Building the Brookhaven (Homestake Gold Mine) Solar Neutrino Detector

Building the Brookhaven (Homestake Gold Mine) Solar Neutrino Detector

A neutrino detector, capable of detecting the neutrinos from the Sun’s fusion cycle, was strongly requested by the Theorists working on the Solar Model in the early 1960’s.  The Cl37 → Ar37 detector scheme used by Davis and Harmer at the Savannah River Experiment in the 1950’s was suggested as the basis for a scaled up Solar Neutrino Detector. The details of the design and engineering of this scale up from “Laboratory” to “Production” one mile underground at the Homestake Gold Mine in...

Date

April 2, 2012 - 11:00am

Location

Marcus Nano Conference Room 1116

A neutrino detector, capable of detecting the neutrinos from the Sun’s fusion cycle, was strongly requested by the Theorists working on the Solar Model in the early 1960’s.  The Cl37 → Ar37 detector scheme used by Davis and Harmer at the Savannah River Experiment in the 1950’s was suggested as the basis for a scaled up Solar Neutrino Detector. The details of the design and engineering of this scale up from “Laboratory” to “Production” one mile underground at the Homestake Gold Mine in Lead, South Dakota, are discussed.   The result of the experiment, that only one third of the predicted number was detected, had unexpected consequences on the nature of neutrinos and on their theory.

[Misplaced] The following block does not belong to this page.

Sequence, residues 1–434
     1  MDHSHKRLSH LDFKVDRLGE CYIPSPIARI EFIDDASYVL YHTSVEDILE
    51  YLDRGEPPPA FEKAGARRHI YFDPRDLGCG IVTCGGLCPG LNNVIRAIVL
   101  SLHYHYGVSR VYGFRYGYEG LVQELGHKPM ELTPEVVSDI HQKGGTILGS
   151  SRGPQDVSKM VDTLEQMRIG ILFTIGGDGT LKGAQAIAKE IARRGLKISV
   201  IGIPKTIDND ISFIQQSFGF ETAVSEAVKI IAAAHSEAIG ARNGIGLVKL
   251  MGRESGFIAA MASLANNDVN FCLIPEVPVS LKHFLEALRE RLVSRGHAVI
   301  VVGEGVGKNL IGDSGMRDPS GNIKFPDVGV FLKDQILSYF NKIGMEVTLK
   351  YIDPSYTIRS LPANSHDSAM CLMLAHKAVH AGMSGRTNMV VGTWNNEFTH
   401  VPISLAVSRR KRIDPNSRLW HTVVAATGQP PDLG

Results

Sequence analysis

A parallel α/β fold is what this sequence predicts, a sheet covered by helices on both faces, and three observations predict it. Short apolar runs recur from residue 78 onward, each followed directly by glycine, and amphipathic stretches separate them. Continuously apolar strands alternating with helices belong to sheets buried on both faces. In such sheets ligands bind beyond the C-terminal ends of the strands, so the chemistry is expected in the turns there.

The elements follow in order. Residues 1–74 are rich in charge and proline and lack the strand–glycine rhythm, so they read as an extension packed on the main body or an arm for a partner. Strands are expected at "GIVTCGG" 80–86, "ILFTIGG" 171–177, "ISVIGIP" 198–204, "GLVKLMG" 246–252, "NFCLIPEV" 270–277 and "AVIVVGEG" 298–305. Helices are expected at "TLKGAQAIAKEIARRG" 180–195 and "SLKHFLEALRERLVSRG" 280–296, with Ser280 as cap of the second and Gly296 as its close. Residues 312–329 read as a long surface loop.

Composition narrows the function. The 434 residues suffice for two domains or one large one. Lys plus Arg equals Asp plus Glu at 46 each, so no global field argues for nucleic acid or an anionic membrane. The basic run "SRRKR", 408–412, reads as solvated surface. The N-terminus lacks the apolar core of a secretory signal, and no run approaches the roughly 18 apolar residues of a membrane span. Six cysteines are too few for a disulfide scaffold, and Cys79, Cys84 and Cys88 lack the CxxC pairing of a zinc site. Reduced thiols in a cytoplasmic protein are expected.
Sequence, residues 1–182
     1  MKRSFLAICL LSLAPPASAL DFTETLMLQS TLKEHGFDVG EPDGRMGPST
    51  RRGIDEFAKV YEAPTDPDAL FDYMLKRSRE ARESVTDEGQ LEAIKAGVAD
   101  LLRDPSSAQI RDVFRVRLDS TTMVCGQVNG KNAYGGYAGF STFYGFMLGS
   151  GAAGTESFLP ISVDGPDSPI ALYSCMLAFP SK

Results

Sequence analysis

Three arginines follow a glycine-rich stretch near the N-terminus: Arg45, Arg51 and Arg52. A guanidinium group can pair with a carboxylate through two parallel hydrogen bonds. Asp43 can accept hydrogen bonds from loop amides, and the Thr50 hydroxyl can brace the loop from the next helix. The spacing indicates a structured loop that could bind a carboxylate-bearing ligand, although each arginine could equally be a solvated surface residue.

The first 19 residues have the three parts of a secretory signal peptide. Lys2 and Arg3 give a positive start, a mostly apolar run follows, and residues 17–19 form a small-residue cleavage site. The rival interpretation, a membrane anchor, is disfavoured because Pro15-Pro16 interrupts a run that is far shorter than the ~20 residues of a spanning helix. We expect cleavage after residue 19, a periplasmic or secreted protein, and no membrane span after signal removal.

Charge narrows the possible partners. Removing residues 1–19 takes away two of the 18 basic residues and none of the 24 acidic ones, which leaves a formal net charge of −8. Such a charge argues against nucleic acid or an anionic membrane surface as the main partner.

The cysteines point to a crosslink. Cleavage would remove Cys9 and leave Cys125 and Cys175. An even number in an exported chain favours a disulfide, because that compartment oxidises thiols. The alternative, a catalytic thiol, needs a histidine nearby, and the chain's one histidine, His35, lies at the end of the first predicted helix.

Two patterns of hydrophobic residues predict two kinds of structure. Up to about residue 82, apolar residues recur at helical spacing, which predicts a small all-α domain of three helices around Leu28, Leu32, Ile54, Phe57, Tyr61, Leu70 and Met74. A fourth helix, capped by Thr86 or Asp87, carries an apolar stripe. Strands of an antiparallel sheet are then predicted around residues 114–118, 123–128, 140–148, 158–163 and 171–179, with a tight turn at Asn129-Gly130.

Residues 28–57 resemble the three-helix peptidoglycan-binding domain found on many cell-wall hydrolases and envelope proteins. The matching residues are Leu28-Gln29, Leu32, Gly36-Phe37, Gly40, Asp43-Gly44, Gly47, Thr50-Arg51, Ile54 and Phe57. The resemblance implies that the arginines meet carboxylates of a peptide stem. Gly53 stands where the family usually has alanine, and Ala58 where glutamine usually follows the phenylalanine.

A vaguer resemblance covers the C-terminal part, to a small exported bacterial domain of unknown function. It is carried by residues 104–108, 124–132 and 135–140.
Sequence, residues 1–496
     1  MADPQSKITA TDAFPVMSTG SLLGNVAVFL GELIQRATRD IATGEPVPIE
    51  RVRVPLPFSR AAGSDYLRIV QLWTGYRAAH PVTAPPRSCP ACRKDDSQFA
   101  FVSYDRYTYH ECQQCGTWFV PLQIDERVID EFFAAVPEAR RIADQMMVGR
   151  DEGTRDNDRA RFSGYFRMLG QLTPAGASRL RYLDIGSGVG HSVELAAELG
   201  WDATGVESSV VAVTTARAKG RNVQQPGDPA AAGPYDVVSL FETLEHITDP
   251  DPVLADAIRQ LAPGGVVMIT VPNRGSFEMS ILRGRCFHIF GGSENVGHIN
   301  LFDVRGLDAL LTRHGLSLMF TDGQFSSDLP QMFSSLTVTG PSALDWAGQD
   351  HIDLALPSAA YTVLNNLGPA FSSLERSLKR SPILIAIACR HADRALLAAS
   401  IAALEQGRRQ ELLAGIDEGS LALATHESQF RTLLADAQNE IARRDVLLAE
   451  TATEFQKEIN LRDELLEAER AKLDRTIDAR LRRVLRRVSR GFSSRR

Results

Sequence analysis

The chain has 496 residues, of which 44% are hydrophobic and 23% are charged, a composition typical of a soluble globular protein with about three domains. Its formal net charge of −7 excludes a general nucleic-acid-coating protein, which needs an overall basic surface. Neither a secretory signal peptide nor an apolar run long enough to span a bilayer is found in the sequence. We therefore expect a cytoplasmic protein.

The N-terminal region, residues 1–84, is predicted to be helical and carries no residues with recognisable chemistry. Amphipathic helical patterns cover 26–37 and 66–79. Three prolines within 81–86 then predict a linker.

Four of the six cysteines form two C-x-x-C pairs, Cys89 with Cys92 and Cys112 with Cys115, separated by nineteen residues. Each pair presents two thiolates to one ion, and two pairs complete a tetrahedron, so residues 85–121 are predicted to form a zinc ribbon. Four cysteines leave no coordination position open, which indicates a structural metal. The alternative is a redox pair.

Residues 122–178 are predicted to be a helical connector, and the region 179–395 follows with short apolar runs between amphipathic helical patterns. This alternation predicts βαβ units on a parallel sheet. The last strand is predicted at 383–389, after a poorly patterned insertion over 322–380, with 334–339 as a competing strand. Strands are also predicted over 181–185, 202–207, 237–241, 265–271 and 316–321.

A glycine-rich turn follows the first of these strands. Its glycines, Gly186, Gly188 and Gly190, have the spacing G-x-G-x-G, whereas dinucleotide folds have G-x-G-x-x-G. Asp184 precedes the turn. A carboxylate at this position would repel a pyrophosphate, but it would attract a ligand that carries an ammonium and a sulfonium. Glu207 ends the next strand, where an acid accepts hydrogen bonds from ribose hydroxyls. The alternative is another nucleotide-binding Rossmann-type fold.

The Principal Scientist on this project, Raymond Davis, Jr., won the 2002 Nobel Prize in Physics.